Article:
September 18th, 2017
Lazy Bastard: You're one of the most prolific hackers in the scene, with thousands of codes to your name. What's more, a lot of these codes are things like Hit Anywhere codes (which you've been asked about so much that you just wrote a guide to hacking them and had it added to the GH Library). How do you decide what to hack next? What gives you inspiration to hack a certain code?

nolberto82: I just think about what I want to hack in my mind. How I'll go about accomplishing the goal. I take a lot of notes of notable addresses to keep track of my progress specially when the emulator doesn't have tracing. I'm always thinking of new types of codes to hack.

Lazy Bastard: What's something you did in the scene which you think was pretty cool, but isn't very well-known?

nolberto82: One of coolest code I found was by accident. It was Super Metroid's Get All Items In Current Room. I was looking for something related to the items but ended up finding that code instead.

Lazy Bastard: What is your favorite code/hack that you hacked? What gave you the idea, and how did you go about hacking it?

nolberto82: It was for Faxanadu NES. I started thinking what if I could attack an enemy anywhere. I wanted to try something new that no one had tried to do before. I thought about it for some time on how to go about it then it came to me about tracing the enemies health when damaged. That's how I made the first Hit Anywhere code for a non fighting game.

Lazy Bastard: What is your favorite code/hack of all time, by any hacker?

nolberto82: Jesus Mode for Super Mario 64 by Parasyte. The way he went about hacking this code is a very interesting.

Lazy Bastard: What was the first thing you hacked for any game?

nolberto82: I started doing small ASM codes like infinite lives to learn the assembly for the NES.

Lazy Bastard: Who would you say influenced you the most in the video game hacking scene? Who did you 'look up to' when you first entered the scene? (doesn't have to be the same person for both)

nolberto82: I would have to say Labmaster. Labmaster showed me how to make custom routines for the GBA which helped me with other systems immensely.

Lazy Bastard: What do you think is the most difficult type of code/hack to hack, and why?

nolberto82: Hit Anywhere for 3D games in some cases it can be right down impossible.

Lazy Bastard: On that note, what was the most difficult, 'hair-pulling' hack you've ever accomplished?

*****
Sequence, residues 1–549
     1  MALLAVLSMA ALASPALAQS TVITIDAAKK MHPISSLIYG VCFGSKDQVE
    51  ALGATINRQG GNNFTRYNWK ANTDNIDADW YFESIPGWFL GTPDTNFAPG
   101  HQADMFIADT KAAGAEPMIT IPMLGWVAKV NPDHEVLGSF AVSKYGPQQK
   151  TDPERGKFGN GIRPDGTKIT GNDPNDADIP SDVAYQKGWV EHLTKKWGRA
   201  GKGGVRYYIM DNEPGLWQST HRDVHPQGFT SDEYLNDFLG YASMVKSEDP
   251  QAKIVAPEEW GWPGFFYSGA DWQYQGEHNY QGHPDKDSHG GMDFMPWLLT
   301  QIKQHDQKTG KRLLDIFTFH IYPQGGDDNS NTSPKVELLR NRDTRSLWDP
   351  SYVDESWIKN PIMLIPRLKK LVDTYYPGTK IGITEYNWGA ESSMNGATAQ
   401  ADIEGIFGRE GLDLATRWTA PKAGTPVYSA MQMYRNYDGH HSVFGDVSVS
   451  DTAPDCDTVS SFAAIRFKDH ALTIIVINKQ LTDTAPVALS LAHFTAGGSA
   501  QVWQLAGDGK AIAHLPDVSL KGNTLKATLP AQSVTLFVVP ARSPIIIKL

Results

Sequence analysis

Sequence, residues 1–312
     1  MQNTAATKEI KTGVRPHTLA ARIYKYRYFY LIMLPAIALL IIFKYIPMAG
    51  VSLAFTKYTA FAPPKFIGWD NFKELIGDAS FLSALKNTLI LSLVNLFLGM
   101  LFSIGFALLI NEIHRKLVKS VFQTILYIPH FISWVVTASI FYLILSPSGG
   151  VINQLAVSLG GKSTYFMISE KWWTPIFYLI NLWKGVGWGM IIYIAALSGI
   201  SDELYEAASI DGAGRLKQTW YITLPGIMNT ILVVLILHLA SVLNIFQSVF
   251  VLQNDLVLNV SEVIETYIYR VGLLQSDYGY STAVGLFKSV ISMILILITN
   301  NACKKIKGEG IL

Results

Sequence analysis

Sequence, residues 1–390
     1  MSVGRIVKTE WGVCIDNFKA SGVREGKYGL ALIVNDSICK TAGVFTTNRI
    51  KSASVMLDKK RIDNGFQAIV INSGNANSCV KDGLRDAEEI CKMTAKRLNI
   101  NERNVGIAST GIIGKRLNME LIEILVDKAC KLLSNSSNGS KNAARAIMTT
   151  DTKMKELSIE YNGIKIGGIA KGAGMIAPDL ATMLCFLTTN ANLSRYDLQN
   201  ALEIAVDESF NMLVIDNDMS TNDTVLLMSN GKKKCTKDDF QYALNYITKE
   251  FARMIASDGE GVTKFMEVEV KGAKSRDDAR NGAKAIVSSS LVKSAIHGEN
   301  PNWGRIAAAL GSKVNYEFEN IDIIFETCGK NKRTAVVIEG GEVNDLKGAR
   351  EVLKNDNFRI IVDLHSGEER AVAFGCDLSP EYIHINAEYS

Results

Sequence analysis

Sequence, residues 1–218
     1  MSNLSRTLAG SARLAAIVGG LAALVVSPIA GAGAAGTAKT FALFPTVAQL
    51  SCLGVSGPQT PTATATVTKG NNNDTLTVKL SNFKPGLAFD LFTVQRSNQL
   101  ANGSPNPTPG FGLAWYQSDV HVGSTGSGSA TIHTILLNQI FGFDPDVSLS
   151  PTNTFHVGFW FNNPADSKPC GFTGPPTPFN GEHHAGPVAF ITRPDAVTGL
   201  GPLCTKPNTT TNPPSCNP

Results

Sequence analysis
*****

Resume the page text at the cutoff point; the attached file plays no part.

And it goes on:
nolberto82: Jump in Midair for Super Mario 3D Land 3DS. The lack of a proper debugger makes it difficult finding the controller status address. It took me nearly a week to make it work correctly without crashing.

Lazy Bastard: That said, was there ever a code you hacked that you just couldn't get to work quite correctly?

nolberto82: Hit Anywhere codes for some 3D games just don't work right as much as I tried to get them to work.

Lazy Bastard: What is your favorite type of code/hack?

nolberto82: Jump in Midair and Hit Anywhere codes are my favorites to hack.

Lazy Bastard: Which game did you find the most fun to hack, and why?

nolberto82: I find Mario games fun to hack. You can do some fun stuff with Mario games.

Lazy Bastard: Did you ever hack something awesome, but then lose it somehow?

nolberto82: I hacked a code in which you didn't lose your character when you die for Double Dragon 3. That was before I joined the site so I never wrote it down so I forgot how I made it. I tried to reproduce it a few months back without luck. 

Lazy Bastard: Aside from hacking and gaming, how do you like to spend your time?

nolberto82: I like to spend time with family and friends.

Lazy Bastard: What is your favorite video game ever?

nolberto82: Super Mario Bros 3.

Lazy Bastard: What do you think must happen for the video game hacking scene to continue to thrive?

nolberto82: I think we need more people interested in the scene who are willing to learn from long time hackers.

Lazy Bastard: One last question: if you had one thing to say to current, aspiring, and future hackers, what would it be?

nolberto82: Never give up. It takes a lot of practice to become a good hacker. And not to be scared to ask questions and experiment on your own.